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Authors: Gilbert L. Morris

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BOOK: Flight of the Eagles
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∗ ∗ ∗

It could not have been much after midnight when they found the wall that rose up in a massive circle.

“That there is a jail, or I ain't never seen one,” Reb pronounced. “Looks like the pokey down in Pine Bluff where Uncle Freeman did his last stretch. Lookit, there ain't but one big old gate, and there ain't but one little old guard. Well, ain't that a pretty come-off! They don't make jails here like they do in Arkansas.”

“But, Reb, how do we get them out?”

“Well, I don't rightly know, but they's lots of ways to skin any cat. We could plant that guard, I reckon.”

Josh suddenly felt a chill at Reb's offhand suggestion. “No! We can't do that! We've got to try to be better than they are—or what difference will we make in this world?”

Reb looked at Josh closely, then shrugged. “Well—you're probably right. But they is more than one way to catch a possum. Lookit this.”

He pulled something out of the hip pocket of his faded jeans and waved it before Josh's eyes.

“This is Uncle Waymon's favorite skullpopper. He was the black sheep of our family. Ugly as a pan of worms! Went to being a lawman, he did. Deputy over in Garland County. But he come out of it and got himself straightened out.”

The pride of Uncle Waymon was a black leather object obviously designed for hitting people over the head. Reb slapped it against his palm with a satisfactory whack.

“About ten ounces of lead in it,” he confided professionally.
“One tap, and they sleep like babies. Might wake up with a little headache, but that's all.”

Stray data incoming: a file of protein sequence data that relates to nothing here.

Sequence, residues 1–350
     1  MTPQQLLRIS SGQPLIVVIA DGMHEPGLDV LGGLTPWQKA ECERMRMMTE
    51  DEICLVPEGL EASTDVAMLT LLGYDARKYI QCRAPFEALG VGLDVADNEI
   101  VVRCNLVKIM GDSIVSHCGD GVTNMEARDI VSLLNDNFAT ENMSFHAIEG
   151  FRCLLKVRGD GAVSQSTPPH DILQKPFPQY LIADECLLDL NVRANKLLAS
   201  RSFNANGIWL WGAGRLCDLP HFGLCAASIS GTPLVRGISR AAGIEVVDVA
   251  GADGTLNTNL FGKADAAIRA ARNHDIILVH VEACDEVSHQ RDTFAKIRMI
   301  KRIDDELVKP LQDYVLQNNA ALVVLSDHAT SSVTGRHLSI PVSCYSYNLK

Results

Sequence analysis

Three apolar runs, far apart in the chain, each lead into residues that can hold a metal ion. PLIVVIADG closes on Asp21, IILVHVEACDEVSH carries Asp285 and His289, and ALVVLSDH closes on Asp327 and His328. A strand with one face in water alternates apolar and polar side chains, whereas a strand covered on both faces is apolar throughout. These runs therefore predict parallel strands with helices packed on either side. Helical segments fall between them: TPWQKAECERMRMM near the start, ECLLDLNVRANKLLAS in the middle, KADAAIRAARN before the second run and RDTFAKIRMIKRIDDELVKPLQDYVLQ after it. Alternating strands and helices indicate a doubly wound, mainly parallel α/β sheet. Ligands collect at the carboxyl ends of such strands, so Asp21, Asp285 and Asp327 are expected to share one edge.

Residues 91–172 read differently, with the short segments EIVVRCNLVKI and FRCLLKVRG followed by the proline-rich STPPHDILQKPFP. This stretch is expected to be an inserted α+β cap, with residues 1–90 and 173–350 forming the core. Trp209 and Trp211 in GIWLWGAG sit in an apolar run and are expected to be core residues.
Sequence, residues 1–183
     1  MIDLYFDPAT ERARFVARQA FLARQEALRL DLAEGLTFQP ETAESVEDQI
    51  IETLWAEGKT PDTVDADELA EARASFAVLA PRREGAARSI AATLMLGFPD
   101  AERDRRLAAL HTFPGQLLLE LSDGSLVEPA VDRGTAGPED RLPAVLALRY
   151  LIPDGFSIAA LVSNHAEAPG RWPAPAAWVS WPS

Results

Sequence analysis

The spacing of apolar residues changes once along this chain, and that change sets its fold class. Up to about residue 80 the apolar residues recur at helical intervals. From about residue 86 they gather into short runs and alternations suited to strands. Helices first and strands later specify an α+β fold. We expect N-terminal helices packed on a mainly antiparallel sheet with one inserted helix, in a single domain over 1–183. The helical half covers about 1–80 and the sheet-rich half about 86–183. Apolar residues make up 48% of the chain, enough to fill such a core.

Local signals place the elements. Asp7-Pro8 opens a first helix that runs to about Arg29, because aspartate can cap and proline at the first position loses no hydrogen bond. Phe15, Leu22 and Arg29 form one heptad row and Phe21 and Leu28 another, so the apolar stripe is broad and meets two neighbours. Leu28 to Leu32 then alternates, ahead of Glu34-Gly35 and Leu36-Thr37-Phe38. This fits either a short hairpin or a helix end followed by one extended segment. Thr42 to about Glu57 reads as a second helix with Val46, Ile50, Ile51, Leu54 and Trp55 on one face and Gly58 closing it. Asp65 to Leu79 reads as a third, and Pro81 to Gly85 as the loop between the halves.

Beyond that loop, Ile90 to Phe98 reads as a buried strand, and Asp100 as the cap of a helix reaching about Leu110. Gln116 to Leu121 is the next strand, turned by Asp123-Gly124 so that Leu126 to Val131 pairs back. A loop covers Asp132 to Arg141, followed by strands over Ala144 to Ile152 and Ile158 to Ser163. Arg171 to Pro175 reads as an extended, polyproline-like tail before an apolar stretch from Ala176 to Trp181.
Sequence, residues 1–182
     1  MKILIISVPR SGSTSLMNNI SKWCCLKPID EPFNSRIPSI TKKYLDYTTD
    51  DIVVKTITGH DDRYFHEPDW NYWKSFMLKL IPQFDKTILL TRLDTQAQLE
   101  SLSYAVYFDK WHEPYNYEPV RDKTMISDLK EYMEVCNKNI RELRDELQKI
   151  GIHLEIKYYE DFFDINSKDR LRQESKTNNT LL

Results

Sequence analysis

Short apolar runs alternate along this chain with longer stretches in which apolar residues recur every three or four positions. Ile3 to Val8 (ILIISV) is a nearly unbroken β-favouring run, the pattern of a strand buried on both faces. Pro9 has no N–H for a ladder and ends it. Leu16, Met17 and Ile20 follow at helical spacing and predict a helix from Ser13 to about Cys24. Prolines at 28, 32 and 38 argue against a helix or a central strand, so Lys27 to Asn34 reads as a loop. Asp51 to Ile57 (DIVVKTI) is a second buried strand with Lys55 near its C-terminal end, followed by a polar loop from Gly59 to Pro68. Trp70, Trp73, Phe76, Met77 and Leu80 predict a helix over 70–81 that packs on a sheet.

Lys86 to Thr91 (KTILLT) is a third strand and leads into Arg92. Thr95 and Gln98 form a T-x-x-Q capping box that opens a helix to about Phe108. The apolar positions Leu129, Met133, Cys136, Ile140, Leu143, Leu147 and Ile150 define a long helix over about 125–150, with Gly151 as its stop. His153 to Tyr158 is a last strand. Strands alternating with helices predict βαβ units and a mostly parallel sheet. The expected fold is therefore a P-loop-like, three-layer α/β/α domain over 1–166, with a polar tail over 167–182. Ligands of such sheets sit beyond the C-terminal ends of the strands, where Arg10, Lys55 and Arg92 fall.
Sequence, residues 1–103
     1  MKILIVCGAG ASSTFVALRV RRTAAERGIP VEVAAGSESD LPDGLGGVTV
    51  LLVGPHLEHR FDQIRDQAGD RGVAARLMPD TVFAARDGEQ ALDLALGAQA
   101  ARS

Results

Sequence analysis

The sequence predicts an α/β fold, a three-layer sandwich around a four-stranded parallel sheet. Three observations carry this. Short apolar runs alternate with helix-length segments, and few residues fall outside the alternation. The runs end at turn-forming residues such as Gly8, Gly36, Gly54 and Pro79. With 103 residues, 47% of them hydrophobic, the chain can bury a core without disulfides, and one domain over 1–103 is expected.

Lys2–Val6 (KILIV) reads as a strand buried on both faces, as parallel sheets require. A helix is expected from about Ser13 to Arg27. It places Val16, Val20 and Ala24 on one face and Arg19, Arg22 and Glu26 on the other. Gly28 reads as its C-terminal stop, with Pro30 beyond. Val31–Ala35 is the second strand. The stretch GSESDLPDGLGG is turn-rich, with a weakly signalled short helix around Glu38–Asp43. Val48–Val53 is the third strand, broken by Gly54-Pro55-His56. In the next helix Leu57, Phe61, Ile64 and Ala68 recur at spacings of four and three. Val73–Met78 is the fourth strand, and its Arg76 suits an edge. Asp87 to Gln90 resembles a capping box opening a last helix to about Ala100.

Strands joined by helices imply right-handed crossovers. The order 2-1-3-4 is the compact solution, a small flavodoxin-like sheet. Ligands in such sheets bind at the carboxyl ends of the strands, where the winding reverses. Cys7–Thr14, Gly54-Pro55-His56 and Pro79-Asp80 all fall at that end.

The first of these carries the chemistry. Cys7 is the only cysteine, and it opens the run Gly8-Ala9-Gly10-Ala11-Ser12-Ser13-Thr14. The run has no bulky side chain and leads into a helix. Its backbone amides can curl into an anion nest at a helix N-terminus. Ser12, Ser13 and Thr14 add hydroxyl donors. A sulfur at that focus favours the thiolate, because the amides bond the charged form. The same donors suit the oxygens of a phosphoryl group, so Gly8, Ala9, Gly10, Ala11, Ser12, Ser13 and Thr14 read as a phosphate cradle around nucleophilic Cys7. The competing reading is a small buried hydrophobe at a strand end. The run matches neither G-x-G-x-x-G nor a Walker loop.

“But the guard has a helmet on,” Josh protested.

“You got hands, ain't you?” Reb sniffed at Josh's ignorance and continued. “Here's what we do. We walk down and get to talkin' with the guard. You pull his hat off, and I hit him on the conk. Then sweet dreams!”

“But how do I—” Josh began to protest.

“Well, now, Josh, ain't no plan all grits and sowbelly,” Reb said. “We'll think of something.”

Reb walked toward the guard as if he were out for a Sunday stroll.

Josh found himself following the trail of the tall white hat.

Just before they got to the guard, Reb muttered under his breath, “You gotta get him to take his helmet off, Josh, and I'll do the necessary. It'll go finer than frog hair!”

Suddenly they were in front of the gate, and Josh was looking into a pair of eyes the color of spit, mean and dangerous. The guard placed the top of a wicked-looking pike at Josh's chest and said something in Nuworld, but Josh could not catch it. Josh noticed that the guard was looking at him and that Reb had stepped to one side, his hand in his back pocket. He could hear the whistle of an owl, and the moon turned the world to silver—especially the guard's helmet that gleamed a tough, steely gray.

Josh's mind was an absolute blank. The only thing he was conscious of was the tip of the pike pushing against his chest. Then, without any forethought at all, Josh slipped to his knees and stretched out full length as if in a faint.

The guard uttered an exclamation of surprise. He bent over to examine Josh more closely.

Through the slits of his half-closed eyes, Josh saw the guard above him, blotting out the silver moon. Without
hesitation, he reached out and yanked off the guard's helmet.

Twenty things could have gone wrong—the helmet strap could have been fastened, Josh could have missed his grasp—but there were no hitches, and the helmet slipped off easily. At once there was the solid thud of Reb's blackjack on the guard's head.